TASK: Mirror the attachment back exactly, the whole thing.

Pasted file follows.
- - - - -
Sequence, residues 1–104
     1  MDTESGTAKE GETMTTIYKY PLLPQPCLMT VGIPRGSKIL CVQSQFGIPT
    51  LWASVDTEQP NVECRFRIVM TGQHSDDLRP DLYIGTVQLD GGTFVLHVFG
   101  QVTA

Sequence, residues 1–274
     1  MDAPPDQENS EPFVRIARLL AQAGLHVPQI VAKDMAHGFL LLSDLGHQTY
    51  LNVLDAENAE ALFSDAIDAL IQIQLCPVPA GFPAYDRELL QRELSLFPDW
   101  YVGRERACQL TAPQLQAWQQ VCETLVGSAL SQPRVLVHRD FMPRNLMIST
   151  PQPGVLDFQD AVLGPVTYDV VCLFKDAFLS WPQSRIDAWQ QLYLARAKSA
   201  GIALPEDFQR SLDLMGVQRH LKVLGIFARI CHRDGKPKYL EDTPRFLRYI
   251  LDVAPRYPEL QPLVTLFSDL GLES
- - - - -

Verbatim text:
Sequence, residues 1–104
     1  MDTESGTAKE GETMTTIYKY PLLPQPCLMT VGIPRGSKIL CVQSQFGIPT
    51  LWASVDTEQP NVECRFRIVM TGQHSDDLRP DLYIGTVQLD GGTFVLHVFG
   101  QVTA

Sequence, residues 1–274
     1  MDAPPDQENS EPFVRIARLL AQAGLHVPQI VAKDMAHGFL LLSDLGHQTY
    51  LNVLDAENAE ALFSDAIDAL IQIQLCPVPA GFPAYDRELL QRELSLFPDW
   101  YVGRERACQL TAPQLQAWQQ VCETLVGSAL SQPRVLVHRD FMPRNLMIST
   151  PQPGVLDFQD AVLGPVTYDV VCLFKDAFLS WPQSRIDAWQ QLYLARAKSA
   201  GIALPEDFQR SLDLMGVQRH LKVLGIFARI CHRDGKPKYL EDTPRFLRYI
   251  LDVAPRYPEL QPLVTLFSDL GLES